Can a man tell a woman’s story? ‘Lucy in the Sky’ director Noah Hawley thinks so
Noah Hawley is not interested in making things easy for you. His razor-sharp adaptation of the Coen brothers’ “Fargo” for TV and three mind-bending seasons of “Legion” have been meaty, thoughtful explorations of mental illness and the nature of evil. Now, in his debut feature film, “Lucy in the Sky,” he’s homed in on a brilliant astronaut who loses her moorings back home. Hawley sat with The Envelope at New York’s SoHo House to talk about “Lucy,” the male gaze — and a startlingly personal essay the usually private writer-director shared on Medium just a few days earlier.
There’s a lot going on in “Lucy,” but the thing that rocks her world is when her boss says she’s “too emotional” to go back up in space. That’s going to spark some discussions.
It’s interesting. She’s not the only one struggling with the experience of being in space, but she’s the only one who gets dinged for it. We don’t normally have movies in which that kind of institutional bias plays a role in the fate of our characters. For a lot of people there are biases that keep them from being the heroes that can save the day no matter what. The trick was to calibrate it in such a way that the movie recognizes it, that she recognizes it, but it’s not a polemic.
The week “Lucy” opened, you posted an essay on Medium, “On Raising Sons,” in which you talked about what your mother, feminist writer Louise Armstrong, taught you about women. Is that a coincidence?
It’s hard for me to say. I do feel as an American citizen and human being, and a father in this world — I’m troubled by what I see as a simultaneous call for increased accountability and a backlash against that. It’s a very male response to say, “How dare you try to hold me to account?” I just wanted to talk about what it was like for me to be raised by a feminist writer. Before I came of age as a sexual being, I was involved in conversations about gender and politics and pornography. To know how to talk about pornography before you ever see a pornographic image is helpful for children to know how to interpret those things.
To demystify it?
Natalie Portman stars in “Lucy in the Sky,” Noah Hawley’s tempestuous drama about an astronaut who has trouble readjusting to life on Earth.
Yeah. And I’m thinking a lot about it now because I’ve made a film. I’m a male director who’s made a film about a woman’s story. So I’ve been talking a lot about gender and it felt like a good time to do it. But I was careful not to mention the movie — it’s not a marketing ploy. It just felt important.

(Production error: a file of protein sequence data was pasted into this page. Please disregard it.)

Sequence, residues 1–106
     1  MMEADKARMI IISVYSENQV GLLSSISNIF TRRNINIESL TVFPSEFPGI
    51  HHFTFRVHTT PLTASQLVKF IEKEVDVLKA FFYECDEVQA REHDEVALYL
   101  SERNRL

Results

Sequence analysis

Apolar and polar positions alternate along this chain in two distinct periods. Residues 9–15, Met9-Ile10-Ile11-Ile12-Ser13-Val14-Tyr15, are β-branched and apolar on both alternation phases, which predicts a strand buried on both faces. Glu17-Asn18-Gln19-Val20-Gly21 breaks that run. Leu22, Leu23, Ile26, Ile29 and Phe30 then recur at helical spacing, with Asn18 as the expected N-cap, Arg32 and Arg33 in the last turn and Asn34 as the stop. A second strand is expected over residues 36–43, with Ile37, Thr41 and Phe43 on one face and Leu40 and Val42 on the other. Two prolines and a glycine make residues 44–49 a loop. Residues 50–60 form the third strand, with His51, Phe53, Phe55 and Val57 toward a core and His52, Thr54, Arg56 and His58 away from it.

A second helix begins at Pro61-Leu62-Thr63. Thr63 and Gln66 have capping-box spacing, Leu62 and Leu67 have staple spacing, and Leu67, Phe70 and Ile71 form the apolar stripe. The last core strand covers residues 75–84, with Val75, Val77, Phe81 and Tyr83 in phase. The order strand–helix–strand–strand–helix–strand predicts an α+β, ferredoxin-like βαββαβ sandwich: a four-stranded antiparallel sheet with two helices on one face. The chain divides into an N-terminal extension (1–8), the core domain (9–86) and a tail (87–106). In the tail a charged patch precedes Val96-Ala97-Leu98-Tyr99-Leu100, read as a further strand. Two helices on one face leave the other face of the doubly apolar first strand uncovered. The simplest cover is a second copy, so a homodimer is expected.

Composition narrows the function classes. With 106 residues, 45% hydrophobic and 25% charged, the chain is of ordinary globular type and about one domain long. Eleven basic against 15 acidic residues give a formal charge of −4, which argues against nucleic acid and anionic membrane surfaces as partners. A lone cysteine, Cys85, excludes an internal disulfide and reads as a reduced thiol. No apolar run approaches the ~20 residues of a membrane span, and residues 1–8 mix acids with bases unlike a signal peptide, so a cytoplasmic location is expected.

A lot of men have acted blindsided by the whole #MeToo discussion going on — do you feel the way you were raised helped you be a bit more woke, before anyone called it that?
Definitely. I’ve been a witness to the way in which men try to silence women and invalidate their stories my whole life. I have a lot of conversations about “Lucy,” in which I think, well, [director] James Gray made a movie about Brad Pitt going to space and having an existential crisis [“Ad Astra”]. You might think it’s a good movie or a bad movie, but you never question that it’s a valid story to tell. And there’s a lot of pushback on telling “Lucy.” You know, is it empowering for women? Why would you tell a story about this woman who ruins everything? What’s inspiring to me is that she did the most human thing, which is that she ruined everything and had to figure out how to live with that afterward.
How much of what you learned on “Legion” — story-wise or technically speaking — did you bring to your feature debut?
I was very aware in making this movie about a woman who has an affair that there is a male gaze. That’s what the language of cinema tends to be, looking at women engaged romantically. It’s very exterior, objectifying. Certainly on “Legion” there were love scenes I filmed that I instinctively did what everyone does and only later realized: That wasn’t Rachel’s experience. It was us looking at her. So how could I tell the story from Lucy’s point of view, in which it is a story about her pleasure? It’s about the emotion of it, not the act of it.
A few years ago, you and I were talking about “Fargo,” and you said you were intrigued by the wilderness that resides inside everyone, even heroes, and that the big question was: What is an individual capable of? Do you see that theme continuing in your work?
I think the history of the world is often a war between our animal nature and people who really believe that might makes right. I do think of that as a theme. I mean, if we solve it I’ll stop writing about it. But I think we’re struggling with it more today than ever before. I really think civilization is a choice.
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